Vacuum Erection Devices
Vacuum erection devices, (also referred to as VED), is a noninvasive method of managing erectile dysfunction in men. There are various types of VEDs but one should only use those which are available via prescriptions. Each VED typically consists of these component:
- A chamber or cylinder which is placed on the penis
- A vacuum device or pump which can be used to exert negative pressure on the penis; thereby engorging the blood vessels in penis
- And Constriction rings which are used to keep the device in place.
How To Use Vacuum Erection Devices?
The precise instructions to use a VED vary from device to device and it is highly recommended to speak to a doctor in order to learn how to use VED effectively. You can also refer to the package instructions.
Typically, the mode of action of VED is quote similar and follow these simple steps:
- First, apply a water-soluble lubricant on the constriction rings and penis.
- Then gentle allow the rings to get stacked on the base of cylinder.
- Place the cylinder on penis
- In order to keep the device in place, make sure the base of cylinder is tightly held against the pubic area.
- Once the device is placed properly the pump will be activated to create the negative pressure and draw blood towards the corpora cavernosa. This will ultimately create the artificial penile erection.
- When penile blood is engorged, constriction bands are pulled onto the base of penis from the cylinder. The negative pressure will be released through a valve and then the cylinder will be removed as soon as the person ejaculates.
The erection produced via VED is different from the natural erections. For example, due to engorgement of blood, the overall circumference of penis increases when the VED is in place. Furthermore, the penis may rotate at the base due to which the individual is required to stabilize the penis during sexual activity.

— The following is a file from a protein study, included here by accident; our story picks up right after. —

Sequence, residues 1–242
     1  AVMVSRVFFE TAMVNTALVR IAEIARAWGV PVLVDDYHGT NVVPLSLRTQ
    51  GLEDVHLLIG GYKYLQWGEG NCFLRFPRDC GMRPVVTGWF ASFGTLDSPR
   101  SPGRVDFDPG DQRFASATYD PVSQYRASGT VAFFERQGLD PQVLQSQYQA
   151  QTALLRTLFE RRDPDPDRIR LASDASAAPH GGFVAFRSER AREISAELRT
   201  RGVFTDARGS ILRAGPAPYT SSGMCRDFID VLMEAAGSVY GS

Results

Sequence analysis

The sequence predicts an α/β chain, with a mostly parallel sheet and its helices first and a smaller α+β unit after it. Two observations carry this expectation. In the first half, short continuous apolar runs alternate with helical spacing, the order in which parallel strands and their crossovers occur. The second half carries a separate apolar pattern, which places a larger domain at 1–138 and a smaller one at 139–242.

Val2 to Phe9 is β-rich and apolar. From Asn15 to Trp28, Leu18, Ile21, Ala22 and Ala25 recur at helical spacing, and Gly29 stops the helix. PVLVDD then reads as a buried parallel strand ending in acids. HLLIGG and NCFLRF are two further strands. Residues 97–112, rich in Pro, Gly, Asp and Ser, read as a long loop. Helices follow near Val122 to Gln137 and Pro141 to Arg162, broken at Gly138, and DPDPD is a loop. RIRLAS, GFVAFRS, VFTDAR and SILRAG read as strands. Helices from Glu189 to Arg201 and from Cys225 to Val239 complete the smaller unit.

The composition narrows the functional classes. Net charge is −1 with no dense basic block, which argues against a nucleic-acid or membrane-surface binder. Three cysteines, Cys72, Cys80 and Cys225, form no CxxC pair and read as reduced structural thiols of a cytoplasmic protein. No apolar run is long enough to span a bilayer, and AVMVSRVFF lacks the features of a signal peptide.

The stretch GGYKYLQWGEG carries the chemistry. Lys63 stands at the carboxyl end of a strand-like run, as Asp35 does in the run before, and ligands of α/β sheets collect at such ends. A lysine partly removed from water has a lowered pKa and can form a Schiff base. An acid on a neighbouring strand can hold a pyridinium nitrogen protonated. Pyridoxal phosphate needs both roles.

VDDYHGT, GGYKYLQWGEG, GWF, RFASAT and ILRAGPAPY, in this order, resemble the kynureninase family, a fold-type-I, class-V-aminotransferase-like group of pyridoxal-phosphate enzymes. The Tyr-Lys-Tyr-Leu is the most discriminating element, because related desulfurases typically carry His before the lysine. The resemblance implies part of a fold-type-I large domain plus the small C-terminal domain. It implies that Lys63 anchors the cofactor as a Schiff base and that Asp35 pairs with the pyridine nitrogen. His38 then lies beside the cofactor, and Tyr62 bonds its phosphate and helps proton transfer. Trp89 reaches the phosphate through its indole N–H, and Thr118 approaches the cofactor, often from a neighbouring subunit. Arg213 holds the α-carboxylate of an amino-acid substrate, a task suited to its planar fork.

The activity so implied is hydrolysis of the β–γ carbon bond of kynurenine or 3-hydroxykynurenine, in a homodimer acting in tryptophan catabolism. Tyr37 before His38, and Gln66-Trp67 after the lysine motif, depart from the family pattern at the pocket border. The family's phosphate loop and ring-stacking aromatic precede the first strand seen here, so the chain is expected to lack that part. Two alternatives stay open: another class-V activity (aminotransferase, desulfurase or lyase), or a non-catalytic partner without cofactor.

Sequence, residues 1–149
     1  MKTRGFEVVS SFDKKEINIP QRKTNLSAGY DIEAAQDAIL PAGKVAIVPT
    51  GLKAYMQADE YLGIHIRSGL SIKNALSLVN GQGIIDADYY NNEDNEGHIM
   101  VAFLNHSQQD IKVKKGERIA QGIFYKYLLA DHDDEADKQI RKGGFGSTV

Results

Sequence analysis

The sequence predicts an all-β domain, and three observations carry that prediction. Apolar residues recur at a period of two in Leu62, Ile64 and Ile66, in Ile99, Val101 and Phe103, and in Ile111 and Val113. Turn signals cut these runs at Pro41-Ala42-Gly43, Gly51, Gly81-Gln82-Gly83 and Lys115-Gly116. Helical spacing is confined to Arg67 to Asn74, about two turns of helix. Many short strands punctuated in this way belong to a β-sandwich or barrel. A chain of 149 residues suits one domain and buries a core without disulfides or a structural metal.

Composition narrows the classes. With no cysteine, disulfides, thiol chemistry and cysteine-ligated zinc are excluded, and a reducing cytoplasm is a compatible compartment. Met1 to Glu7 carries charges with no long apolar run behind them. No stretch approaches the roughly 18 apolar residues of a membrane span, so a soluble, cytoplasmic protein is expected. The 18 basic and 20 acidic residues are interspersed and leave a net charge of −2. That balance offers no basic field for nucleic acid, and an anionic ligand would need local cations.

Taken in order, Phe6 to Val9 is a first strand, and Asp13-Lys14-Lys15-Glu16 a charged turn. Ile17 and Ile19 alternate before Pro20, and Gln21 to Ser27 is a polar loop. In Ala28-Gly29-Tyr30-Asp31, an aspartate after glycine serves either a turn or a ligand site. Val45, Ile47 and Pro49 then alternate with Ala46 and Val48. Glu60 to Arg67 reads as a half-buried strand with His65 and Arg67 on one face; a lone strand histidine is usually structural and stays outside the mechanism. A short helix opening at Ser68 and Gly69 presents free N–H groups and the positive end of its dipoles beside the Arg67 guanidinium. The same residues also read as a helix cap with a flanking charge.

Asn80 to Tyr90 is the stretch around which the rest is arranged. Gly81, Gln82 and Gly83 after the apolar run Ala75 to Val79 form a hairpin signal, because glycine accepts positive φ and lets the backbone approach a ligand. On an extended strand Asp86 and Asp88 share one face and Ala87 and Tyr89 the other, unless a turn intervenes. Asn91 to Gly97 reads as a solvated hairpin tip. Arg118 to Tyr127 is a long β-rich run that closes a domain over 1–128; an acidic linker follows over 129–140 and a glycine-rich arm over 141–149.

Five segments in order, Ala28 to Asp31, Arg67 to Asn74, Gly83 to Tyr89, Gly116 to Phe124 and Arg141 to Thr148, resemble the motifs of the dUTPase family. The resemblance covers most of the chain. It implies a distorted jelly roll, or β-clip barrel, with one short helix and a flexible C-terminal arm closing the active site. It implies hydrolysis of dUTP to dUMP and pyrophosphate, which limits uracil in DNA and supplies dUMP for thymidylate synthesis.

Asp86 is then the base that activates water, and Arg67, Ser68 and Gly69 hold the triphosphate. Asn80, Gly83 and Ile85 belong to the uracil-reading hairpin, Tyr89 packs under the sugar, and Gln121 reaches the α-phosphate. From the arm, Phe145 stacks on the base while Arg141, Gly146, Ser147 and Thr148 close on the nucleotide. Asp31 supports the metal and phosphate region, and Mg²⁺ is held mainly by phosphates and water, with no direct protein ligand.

This noninvasive treatment method is best for those who have mild erectile dysfunction. Males who used vacuum erection devices for the primary treatment of erectile dysfunction suggests that this device is not effective for men with severe erectile dysfunction. Though it is a non-invasive method but its use is not trending in men due to difficulty in using this device i.e. non-compliance. Moreover, there are several oral medications that are available for the treatment of moderate erectile dysfunction.
Vacuum erection devices is ideally recommended to manage erectile dysfunction due to organic or psychogenic reasons. According to a new study reported in the Journal of Sexual Medicine (2), investigators suggested that vacuum devices makes up a great option for early penile rehabilitation after a prostate surgery or malignancy. Besides addressing ED, vacuum devices also serves to minimize the risk of vascular dysfunction (secondary to radiation therapy for cancer management) and rehabilitation of corpora cavernosa. Investigators also suggested that early use of VED after radical prostatectomy procedure is also associated with preservation of length and girth of penis.
Finally, in men who experience ED due to neurological causes (such as advanced diabetic neuropathy), VED can be used to restore the normal quality of sex life.
Advantages Of Using Vacuum Erection Devices?
Like every treatment, there are several pros and cons. For example:
- A lot of people opt for VED because the expenses are covered by insurance.
- As compared to some other methods, such as penile injection, VED is less invasive
- In some cases, surgical intervention is needed to successfully address this issue. However, patients who opt for VED does not need any surgical procedure or medications.
Limitations Of Using Vacuum erection Devices
- As discussed previously, compared to all the treatment options that are available to address erectile dysfunction, VED is not so effective.
- Although VED sorts out the issue of achieving optimal erection, the sexual intercourse is not as pleasurable as penile erections are usually painful.
- Incompliance leading to discontinuation of use.
- Some patients also reports that using VED gives them a burdensome and clumsy feeling.
1. Fode, M., Krogh-Jespersen, S., Brackett, N. L., Ohl, D. A., Lynne, C. M., & Sonksen, J. (2012). Male sexual dysfunction and infertility associated with neurological disorders. Asian J Androl, 14(1), 61-8.
2. Pahlajani, G., Raina, R., Jones, S., Ali, M., & Zippe, C. (2012). Vacuum erection devices revisited: its emerging role in the treatment of erectile dysfunction and early penile rehabilitation following prostate cancer therapy. The journal of sexual medicine, 9(4), 1182-1189.
3. Turner, L. A., Althof, S. E., Levine, S. B., Tobias, T. R., Kursh, E. D., Bodner, D., & Resnick, M. I. (1990). Treating erectile dysfunction with external vacuum devices: impact upon sexual, psychological and marital functioning. The Journal of urology, 144(1), 79-82.